Ion battery via an onboard battery connector. All communication methods that mikroBUS™ itself supports are on this board (plus USB HOST/DEVICE), including the well-established mikroBUS™ socket, a standardized socket for the MCU card (SiBRAIN standard), and several user-configurable buttons and LED indicators. UNI Clicker is an integral part of the Mikroe ecosystem, allowing you to create a new application in minutes. Natively supported by Mikroe software tools, it covers many aspects of prototyping thanks to a considerable number of different Click boards™ (over a thousand boards), the number of which is growing every day.

UNI clicker double image

Microcontroller Overview

MCU Card / MCU



8th Generation



MCU Memory (KB)


Silicon Vendor


Pin count


RAM (Bytes)


Used MCU Pins

mikroBUS™ mapper

Power Supply
External Clock Mode
Ready Interrupt
I2C Clock
I2C Data
Power Supply

Take a closer look


Heart Rate 3 Click Schematic schematic

Step by step

Project assembly

UNI Clicker front image hardware assembly

Start by selecting your development board and Click board™. Begin with the UNI Clicker as your development board.

UNI Clicker front image hardware assembly
Thermo 28 Click front image hardware assembly
SiBRAIN for STM32F745VG front image hardware assembly
Prog-cut hardware assembly
UNI Clicker MB 1 - upright/with-background hardware assembly
Necto image step 2 hardware assembly
Necto image step 3 hardware assembly
Necto image step 4 hardware assembly
Necto image step 5 hardware assembly
Necto image step 6 hardware assembly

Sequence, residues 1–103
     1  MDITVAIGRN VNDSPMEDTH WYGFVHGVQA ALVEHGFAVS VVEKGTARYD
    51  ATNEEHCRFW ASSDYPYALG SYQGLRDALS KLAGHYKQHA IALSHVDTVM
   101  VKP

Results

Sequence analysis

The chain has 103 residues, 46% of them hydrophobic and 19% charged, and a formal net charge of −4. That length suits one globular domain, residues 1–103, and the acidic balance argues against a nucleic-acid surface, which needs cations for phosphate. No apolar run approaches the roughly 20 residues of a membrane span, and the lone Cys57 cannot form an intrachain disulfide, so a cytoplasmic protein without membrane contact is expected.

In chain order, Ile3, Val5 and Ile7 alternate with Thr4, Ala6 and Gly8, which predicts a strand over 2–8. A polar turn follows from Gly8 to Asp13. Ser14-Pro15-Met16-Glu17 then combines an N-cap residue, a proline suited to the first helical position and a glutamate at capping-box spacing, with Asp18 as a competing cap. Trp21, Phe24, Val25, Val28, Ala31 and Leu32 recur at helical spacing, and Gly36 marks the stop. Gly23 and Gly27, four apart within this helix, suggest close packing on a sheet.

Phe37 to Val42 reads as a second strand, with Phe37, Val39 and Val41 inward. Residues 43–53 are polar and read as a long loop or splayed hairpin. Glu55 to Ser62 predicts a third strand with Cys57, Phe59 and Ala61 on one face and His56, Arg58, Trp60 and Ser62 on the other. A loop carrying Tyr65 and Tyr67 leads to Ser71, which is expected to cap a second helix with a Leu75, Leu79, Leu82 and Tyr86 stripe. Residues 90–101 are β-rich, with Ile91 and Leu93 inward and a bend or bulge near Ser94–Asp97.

Necto image step 7 hardware assembly
Necto No Display image step 8 hardware assembly
Necto image step 9 hardware assembly
Necto image step 10 hardware assembly
Debug Image Necto Step hardware assembly

Track your results in real time

Application Output

After loading the code example, pressing the "DEBUG" button builds and programs it on the selected setup.

Application Output Step 1

After programming is completed, a header with buttons for various actions available in the IDE appears. By clicking the green "PLAY "button, we start reading the results achieved with Click board™.

Application Output Step 3

Upon completion of programming, the Application Output tab is automatically opened, where the achieved result can be read. In case of an inability to perform the Debug function, check if a proper connection between the MCU used by the setup and the CODEGRIP programmer has been established. A detailed explanation of the CODEGRIP-board connection can be found in the CODEGRIP User Manual. Please find it in the RESOURCES section.

Application Output Step 4

Software Support

Library Description

This library contains API for Heart Rate 3 Click driver.

Key functions:

  • heartrate3_check_data_ready - Function is used to check data ready flag